Deciphered Ancient Tablet Reveals Babylonians' Mastery Over Mathematics

Plimpton 322—now the world’s oldest known trigonometry table. (Image: UNSW/Andrew Kelly)
Plimpton 322—now the world’s oldest known trigonometry table. (Image: UNSW/Andrew Kelly)

Australian scientists have managed to crack the code of a mysterious 3,700-year-old Babylonian clay tablet, revealing a level of mathematical sophistication that pre-dates the ancient Greeks by a whopping 1,500 years.

This Babylonian tablet, known as Plimpton 322, is the world’s oldest—and most accurate—trigonometric table, according to research published this week in Historia Mathematica. The University of New South Wales Sydney researchers who cracked the code say the tablet was likely used by mathematical scribes to calculate angles when designing palaces, temples, step pyramids, and canals. This discovery shows that the ancient Babylonians—and not the Greeks—were the first to study trigonometry, the mathematical study of triangles.

Plimpton 322 was discovered in the early 1900s in southern Iraq by famed archaeologist Edgar Banks, who would go on to be the inspiration for Indiana Jones. Dated to between 1822 and 1762 BC, the tablet likely originated in the ancient Sumerian city of Larsa. Analysis of the tablet showed that the ancient Babylonians knew about the Pythagorian Theorem long before the rise of ancient Greece, but the tablet’s exact purpose remained a mystery.


One of the stronger theories was that it was a teaching aid for checking quadratic problems, but new research conducted by UNSW scientists Daniel Mansfield and Norman Wildberger now confirms the markings on the tablet as a trigonometry table.

After conducting a historiographical analysis of the tablet’s purported purpose, Mansfield and Wildberger took a closer look at the tablet and its inscriptions. Plimpton 322 features four columns and 15 rows of numbers written in the cuneiform script of the time. Importantly, this text is written in a base-60 numbering system, also known as a sexagesimal system (think of it like the minutes on an analog clock). Its 15 rows describe a sequence of 15 right-angle triangles, which are steadily decreasing in inclination. Also, the left-hand edge of the tablet is broken, meaning parts of Plimpton 322 are missing.

Credit: UNSW

Building on previous research, Mansfield and Wildberger were able to show that two columns and 23 rows are missing—the original tablet contained six columns and 38 rows. The tablet contains a special pattern of numbers known as Pythagorean triples (now an anachronism, given that Greek mathematician Pythagoras was born about 1,300 years later). This suggests that Plimpton 322 describes the shapes of right-angle triangles using a novel form of trigonometry based on ratios, rather than angles or circles. Thus, scribes could use the table to carry out the complex task of generating and sorting the numbers on the tablet; they could take one known ratio of the sides of a right-angle triangle to determine the other two unknown ratios.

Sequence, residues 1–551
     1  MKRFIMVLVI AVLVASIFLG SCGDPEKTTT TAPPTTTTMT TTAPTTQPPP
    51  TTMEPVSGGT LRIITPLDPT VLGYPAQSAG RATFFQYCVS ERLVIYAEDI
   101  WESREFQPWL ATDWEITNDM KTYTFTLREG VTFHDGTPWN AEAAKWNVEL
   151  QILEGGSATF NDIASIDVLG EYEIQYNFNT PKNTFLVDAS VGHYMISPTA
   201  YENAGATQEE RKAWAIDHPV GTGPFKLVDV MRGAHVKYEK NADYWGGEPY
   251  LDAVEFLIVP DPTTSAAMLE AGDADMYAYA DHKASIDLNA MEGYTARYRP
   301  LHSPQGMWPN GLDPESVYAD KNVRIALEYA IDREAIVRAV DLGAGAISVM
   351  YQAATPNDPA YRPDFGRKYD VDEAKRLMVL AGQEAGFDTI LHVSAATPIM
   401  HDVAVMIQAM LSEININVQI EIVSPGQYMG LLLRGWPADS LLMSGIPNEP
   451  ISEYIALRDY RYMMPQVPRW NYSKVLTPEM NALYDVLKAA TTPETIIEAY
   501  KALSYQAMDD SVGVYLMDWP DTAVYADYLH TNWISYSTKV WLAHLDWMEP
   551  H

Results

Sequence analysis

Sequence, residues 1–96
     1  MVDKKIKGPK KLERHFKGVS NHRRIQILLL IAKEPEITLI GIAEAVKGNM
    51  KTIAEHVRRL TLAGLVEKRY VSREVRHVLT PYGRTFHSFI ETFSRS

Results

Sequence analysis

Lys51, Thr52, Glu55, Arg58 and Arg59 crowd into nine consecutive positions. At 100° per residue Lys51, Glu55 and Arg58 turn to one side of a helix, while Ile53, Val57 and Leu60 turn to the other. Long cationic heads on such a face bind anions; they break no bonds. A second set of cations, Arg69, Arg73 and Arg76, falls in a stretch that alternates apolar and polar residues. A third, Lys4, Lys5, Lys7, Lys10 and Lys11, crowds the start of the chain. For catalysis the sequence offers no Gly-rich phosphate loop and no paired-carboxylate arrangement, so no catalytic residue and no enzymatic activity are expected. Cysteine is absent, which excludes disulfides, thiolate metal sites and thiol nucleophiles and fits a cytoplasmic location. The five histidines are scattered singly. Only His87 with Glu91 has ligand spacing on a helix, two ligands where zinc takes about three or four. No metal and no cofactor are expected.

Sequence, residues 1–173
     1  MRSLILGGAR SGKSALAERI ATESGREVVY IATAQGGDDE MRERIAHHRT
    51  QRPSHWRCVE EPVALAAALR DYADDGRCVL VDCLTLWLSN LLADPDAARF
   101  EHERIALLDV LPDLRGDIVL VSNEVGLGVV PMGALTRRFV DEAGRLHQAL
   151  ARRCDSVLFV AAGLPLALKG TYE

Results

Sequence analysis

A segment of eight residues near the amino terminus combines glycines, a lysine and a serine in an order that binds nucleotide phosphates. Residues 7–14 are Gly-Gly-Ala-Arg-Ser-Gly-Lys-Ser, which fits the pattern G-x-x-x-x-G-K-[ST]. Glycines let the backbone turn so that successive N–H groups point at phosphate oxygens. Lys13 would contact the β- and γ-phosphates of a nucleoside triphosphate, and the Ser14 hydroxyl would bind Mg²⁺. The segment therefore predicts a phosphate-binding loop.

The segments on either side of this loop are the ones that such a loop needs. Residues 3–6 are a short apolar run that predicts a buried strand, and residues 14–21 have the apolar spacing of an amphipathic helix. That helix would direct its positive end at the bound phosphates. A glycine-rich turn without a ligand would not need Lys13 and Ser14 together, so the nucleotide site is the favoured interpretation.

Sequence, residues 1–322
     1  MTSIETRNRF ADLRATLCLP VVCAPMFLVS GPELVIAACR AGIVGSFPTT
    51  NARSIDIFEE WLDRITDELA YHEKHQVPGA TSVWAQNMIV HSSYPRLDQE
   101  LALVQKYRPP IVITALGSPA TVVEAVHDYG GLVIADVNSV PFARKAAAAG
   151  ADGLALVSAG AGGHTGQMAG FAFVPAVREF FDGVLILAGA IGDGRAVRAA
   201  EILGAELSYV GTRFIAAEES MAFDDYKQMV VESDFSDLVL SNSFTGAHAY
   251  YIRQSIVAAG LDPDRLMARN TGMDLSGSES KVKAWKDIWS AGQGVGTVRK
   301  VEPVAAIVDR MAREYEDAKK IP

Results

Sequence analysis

“It is a fascinating mathematical work that demonstrates undoubted genius,” exclaimed Mansfield in a statement.

Crazily enough, Plimpton 322 is not just the oldest trig table, the researchers say it’s the most accurate trig table on record, on account of the ancient Babylonians’ unique base-60 approach to arithmetic and geometry (try dividing 1 by 3 and you’ll instantly run into the limitations of our base-10 system). And as noted, it’s also rewriting history; Greek astronomer Hipparchus, who lived around 120 BC, is normally considered the founding father of trigonometry. His “table of chords” on a circle was the oldest trig table, until now.


“Plimpton 322 predates Hipparchus by more than 1,000 years,” said Wildberger. “It opens up new possibilities not just for modern mathematics research, but also for mathematics education. With Plimpton 322 we see a simpler, more accurate trigonometry that has clear advantages over our own. A treasure-trove of Babylonian tablets exists, but only a fraction of them have been studied yet. The mathematical world is only waking up to the fact that this ancient but very sophisticated mathematical culture has much to teach us.”

[Historia Mathematica]


George is a senior staff reporter at Gizmodo.

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Can someone explain the limit to base 10? When I divide 1 by 3 I get 1/3. I get the same answer in base 60.